Tuesday, June 19, 2012

Souvenirs

Say what you will about Turkey, but the place has some awesome shopping opportunities. Right off base in the Alley, there are many merchants who are all to eager to sell. And if you feel adventurous and go further into Old Adana, you can get even better deals. If you ever find yourself in Istanbul, the Grand Bazaar is a shoppers paradise-literally miles and miles of storefronts offering lamps, rugs, clothing, jewelry, accessories...really anything you can imagine. It was quite overwhelming to a non-shopper like myself.

 We waited a very long time to make any purchases, but once the ball got rolling, it was hard to stop! What are we coming home with? See below......

Rugs
I really don't know anyone who doesn't buy at least one while here.  Most people buy several.  You would be crazy not too, really.  If you attend a carpet party off base at one of the shops, they will feed you dinner and give you an education about the different types of rugs, how they differ by region and even village to village, and the different materials and dyes used.

  Of course, the machine made rugs are cheaper and most like what you would find in the States, only much cheaper.  My mother in law and her friend each got a good sized machine made rug for under $400....a steal!!  By contrast, we went to a carpet store in Cappadocia with my mom where they had a handmade rug available for...wait for it........$62,000!!!!!  So, there is a lot of variety out there.  

  After 2 years here and much research and shopping, we were finally ready to buy.  We ended up with 3 rugs, all handmade.  One runner, one 5x7 and one 6x9.  I am extremely happy.  They are beautiful.  All of them are handmade using silk and wool with natural vegetable dyes.  Because of the dye and materials used, they actually change color depending on the light and the angle from which they are viewed!

Below is an image of a handmade Oushak (our rug type) that has similar colors to one of ours.  I can't wait to display them in our new home!!  To check out more pictures, search "Uzbek Carpets" on facebook.  Esref has pictures of his carpet selection that are a good example of what you might find here.


 Lamps
I just recently discovered these Turkish mosaic lamps.  Several of my friends had them in their homes here, and I always noticed how beautiful and unique they looked.  Apparently, they are a pretty famous Turkish export, that again, we can get very cheaply here.  I ended up with 2 smaller table lamps that i think will look awesome in our house in DC.

  Pashminas
Oh ladies!!  Let me tell you, the pashminas are wonderful!!! A man in the Alley sells them for $10 here.  He also exports the same thing to be sold at Neiman Marcus for over $100!!!  Again, you would be crazy to live here for any amount of time and not purchase at least a couple.  I think my grand total was 4, but I have many friends with whole closets full of them.  Wonderful!!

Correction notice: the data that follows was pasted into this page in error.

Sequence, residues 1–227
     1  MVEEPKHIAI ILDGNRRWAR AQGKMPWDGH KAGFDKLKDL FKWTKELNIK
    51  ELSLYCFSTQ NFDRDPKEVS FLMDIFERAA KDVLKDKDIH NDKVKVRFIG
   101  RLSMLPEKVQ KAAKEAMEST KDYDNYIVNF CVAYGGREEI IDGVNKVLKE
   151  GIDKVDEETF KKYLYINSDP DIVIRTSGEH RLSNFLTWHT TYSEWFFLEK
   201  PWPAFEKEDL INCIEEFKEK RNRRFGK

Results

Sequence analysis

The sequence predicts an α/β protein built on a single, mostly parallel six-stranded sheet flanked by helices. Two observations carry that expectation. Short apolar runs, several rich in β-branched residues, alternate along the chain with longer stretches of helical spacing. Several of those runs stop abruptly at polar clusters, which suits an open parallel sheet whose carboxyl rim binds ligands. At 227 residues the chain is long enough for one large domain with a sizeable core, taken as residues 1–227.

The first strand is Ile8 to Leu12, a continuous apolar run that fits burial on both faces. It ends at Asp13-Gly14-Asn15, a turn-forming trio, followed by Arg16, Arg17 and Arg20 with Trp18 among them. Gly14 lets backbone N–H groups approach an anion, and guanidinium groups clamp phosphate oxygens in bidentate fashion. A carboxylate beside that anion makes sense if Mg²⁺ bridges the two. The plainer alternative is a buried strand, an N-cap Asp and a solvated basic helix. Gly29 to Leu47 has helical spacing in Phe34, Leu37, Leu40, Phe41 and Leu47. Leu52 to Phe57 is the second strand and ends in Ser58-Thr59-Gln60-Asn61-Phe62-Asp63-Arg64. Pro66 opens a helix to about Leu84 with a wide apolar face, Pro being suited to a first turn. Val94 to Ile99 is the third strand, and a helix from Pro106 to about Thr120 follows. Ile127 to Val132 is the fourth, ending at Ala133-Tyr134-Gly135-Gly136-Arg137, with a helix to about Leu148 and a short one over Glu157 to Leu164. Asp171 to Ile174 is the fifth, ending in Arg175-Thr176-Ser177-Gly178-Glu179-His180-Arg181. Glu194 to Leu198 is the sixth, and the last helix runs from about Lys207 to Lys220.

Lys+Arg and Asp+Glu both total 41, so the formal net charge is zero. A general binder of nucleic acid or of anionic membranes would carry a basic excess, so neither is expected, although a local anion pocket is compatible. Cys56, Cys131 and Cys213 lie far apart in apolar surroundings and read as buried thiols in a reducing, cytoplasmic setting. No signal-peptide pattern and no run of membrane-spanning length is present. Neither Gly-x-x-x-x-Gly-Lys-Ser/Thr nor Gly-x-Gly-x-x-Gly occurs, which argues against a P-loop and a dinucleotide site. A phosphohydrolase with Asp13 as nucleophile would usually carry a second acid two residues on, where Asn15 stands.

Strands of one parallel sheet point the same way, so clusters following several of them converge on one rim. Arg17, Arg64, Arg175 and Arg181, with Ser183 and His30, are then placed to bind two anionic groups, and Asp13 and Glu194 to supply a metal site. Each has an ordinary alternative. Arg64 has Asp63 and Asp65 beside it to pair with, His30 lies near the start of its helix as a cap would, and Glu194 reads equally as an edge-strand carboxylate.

Furniture
Other than the rugs, this was the thing that I heard about the most before coming here.  The furniture stores in the Alley will make you just about anything for a fraction of what it would cost you Stateside.  I know I sound like a broken record, but you would be crazy not to take advantage.  I don't know anyone who didn't get at least one thing made.  Most folks I know got completely new furniture sets in every room while here. You can simply take them a picture of what you like, and they will make you something identical (or very similar).  I took them pictures from Pottery Barn and got a TV console, bookcases, a bar (for Ryan...don't get me started), a chair recovered, an ottoman/coffee table and a computer desk.  All of this for around $1500.  Crazy cheap.  If you are curious, look up "Aydin's Furniture" on facebook.  He posts pictures frequently of what he's created.

Our leather ottoman that can be converted to a coffee table that is hollow inside for extra storage!

Our computer desk...before knobs were added.
Shotgun
This one was completely Ryan, and was actually done within the first year of our time here.  Turkey is apparently famous for something called Huglu Shotguns.  So Ryan got one.  As did my dad.  They make the gun to your specifications and Ryan was pleased.  It is waiting for us in Alabama.


I'd say we have done pretty well for ourselves!!
 

Sunday, June 17, 2012

Pearls of Wisdom

I've done a lot of things over the past 2 years that I never imagined I could or would do.  And, I've done them all at least fairly well.  So, I think that qualifies me to dole out a least a little of what I've learned so that it could be of some help or service to others who happen to find themselves in similar circumstances

Living Abroad
  • Don't spend your time wondering why this or that isn't done like it is at home.  You are not home. Try to embrace, or at the very least accept, the differences.